Cyber Threats

Cyber Threats

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January 9, 2016

Global professional services firm Ernst & Young have produced an annual global information security survey for the last 16 years. The most recent states in the introduction, “…cyber attacks are no longer a matter of if, but when.” To small businesses and startups who often can’t stretch to IT departments and security specialists this may sound a little distressing. Your systems may contain employee details (such as bank details and social security numbers) and customer information (names, addresses, credit card details) and as such needs protection. The most common current cyber threats factors are:

Bring Your Own Device (BYOD).
The trend for mobile use and allowing employees to use their own devices in the workplace gives rise to an exaggerated level of risk, with downloaded data being stored on a variety of often unsecured smartphones and tablets.

Applications.
Apps are where it’s at and particularly in a small business with a BYOD policy the efficiencies come from having people using the right time-saving applications. However, this means you have a constant flow of information to and from the internet and the cloud. Ask yourself how secure your file-sharing and cloud storage actually is.

External threats.
Then there is the deliberate and malicious professional. The thief who will steal your data and/or your hardware and use it to siphon of money through fake payroll runs, artificial banking transactions or dubious lines of credit.

So, what to do about the situation – how do you protect your business, customers and employees against cyber attacks against the company’s systems?

Educate your employees.
Given that a recent report found that 27% of internal security breaches were simply errors or mistakes on the part of employees, the best cure if prevention. Have an information security policy and ensure your people understand it – they should be aware of online and offline risk actions and know how to avoid them.

Software protection.
Make sure that your system is up to date with the latest antivirus and antimalware applications. Malicious software can come via your wi-fi connection or simply through someone innocently opening an email attachment. Include mobile devices in your antivirus program. Companies such as AVG, Norton, McAfee and Kaspersky all offer entry level or free software protection for desktop and mobile devices.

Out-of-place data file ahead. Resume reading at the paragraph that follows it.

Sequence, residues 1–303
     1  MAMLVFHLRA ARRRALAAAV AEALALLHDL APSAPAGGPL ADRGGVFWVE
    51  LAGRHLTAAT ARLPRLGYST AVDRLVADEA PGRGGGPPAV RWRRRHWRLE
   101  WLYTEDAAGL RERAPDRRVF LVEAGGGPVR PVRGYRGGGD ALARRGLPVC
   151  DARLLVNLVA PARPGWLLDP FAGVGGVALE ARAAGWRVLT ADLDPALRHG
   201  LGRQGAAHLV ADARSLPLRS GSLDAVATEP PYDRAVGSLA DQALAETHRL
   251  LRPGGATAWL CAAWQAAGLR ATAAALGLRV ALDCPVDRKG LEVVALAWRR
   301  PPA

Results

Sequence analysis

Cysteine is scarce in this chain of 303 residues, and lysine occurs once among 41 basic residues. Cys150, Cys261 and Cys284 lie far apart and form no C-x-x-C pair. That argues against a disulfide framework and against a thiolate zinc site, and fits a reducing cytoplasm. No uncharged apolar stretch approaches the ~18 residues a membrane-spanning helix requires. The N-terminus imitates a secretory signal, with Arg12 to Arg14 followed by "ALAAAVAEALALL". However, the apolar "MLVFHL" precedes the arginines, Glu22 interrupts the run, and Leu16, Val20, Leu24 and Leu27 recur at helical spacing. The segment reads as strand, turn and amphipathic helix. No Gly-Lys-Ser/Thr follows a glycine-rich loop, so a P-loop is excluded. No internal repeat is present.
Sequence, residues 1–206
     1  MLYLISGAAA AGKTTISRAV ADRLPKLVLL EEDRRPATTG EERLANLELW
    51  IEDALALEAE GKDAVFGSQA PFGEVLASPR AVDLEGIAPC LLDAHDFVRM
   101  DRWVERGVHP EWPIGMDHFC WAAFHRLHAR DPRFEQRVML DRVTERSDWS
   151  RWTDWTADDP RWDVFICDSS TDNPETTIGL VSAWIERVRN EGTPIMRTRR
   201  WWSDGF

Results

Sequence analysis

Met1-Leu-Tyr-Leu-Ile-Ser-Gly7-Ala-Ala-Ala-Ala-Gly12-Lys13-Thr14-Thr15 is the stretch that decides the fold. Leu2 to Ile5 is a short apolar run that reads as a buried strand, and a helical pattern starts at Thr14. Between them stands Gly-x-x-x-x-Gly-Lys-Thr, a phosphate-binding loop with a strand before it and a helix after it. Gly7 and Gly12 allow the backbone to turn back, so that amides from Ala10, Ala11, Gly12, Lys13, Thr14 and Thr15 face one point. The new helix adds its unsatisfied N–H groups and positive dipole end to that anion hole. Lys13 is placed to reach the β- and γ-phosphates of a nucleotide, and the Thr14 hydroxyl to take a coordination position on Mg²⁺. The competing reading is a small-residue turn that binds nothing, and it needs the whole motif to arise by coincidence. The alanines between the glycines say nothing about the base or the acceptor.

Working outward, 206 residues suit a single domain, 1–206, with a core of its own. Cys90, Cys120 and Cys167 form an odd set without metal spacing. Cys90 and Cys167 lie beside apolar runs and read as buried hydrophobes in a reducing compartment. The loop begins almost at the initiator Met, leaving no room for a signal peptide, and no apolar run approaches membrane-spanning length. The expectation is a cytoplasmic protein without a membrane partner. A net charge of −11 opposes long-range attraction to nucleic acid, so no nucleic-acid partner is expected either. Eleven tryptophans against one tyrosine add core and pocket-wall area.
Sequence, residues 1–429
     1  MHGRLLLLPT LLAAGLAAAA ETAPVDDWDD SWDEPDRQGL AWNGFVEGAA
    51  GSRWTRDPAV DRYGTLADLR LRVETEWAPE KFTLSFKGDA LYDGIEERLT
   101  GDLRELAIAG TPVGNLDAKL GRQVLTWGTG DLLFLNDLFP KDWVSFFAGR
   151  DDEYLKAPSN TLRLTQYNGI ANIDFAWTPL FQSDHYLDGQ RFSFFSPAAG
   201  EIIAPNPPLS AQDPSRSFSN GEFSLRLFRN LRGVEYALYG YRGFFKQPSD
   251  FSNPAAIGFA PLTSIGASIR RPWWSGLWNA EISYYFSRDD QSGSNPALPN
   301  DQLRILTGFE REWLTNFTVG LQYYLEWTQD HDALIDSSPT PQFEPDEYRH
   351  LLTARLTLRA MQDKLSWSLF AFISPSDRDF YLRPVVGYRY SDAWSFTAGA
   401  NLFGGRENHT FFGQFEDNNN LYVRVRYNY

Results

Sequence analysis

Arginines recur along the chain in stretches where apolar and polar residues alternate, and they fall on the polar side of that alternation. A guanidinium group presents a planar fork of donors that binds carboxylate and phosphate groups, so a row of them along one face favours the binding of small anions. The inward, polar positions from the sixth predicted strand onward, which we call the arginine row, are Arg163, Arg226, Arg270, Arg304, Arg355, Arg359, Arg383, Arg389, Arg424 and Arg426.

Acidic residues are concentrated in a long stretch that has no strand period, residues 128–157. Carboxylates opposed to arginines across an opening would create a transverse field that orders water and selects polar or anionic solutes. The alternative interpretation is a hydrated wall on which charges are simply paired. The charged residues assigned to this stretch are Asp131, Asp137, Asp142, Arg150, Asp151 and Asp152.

Data encryption.
Any information transmitted via the internet should be encrypted in case of interception. However, data that you store ‘long-term’ should be protected likewise as it’s exactly this type of ‘on-the-shelf’ data (such as account, social security, and credit card numbers that hackers target.

Physical security.
A significant external threat is the burglary of company premises, targeting servers, mobile devices and computers which, of course, contain the desirable data. Simply using Kensington locks on laptops can off-putting to the intruder who is wary of taking the extra few minutes needed to circumvent them. Likewise rack-mounting hardware and locking the server room can create a more secure environment. Also, the use of tracking software can ensure that if hardware does go missing – such as mobile devices lost or stolen in the field – you can locate and secure the item remotely.

Secure your wi-fi.
An unlocked (or ill-protected) wireless network is an open door to hackers looking for sensitive information on your system. If you don’t need wi-fi then don’t have it. If you do, then disable the function that broadcasts its presence to anyone with an antenna.

A survey from security software firm Symantec said that cyber attacks on small and medium-size businesses have an average cost of $188,242 (and within six months of the attack, many of the victims have been forced out of business). Bearing this in mind, examining your security measures for possible holes seems a wise precaution. The 2015 figures are even more starling. According to a new report by Hewlett Packard and the U.S.-based Ponemon Institute of Cyber Crime, hacking attacks cost the average American firm $15.4 million per year, double the global average of $7.7 million. Cyber threats are clearly a credible threat to most small businesses.

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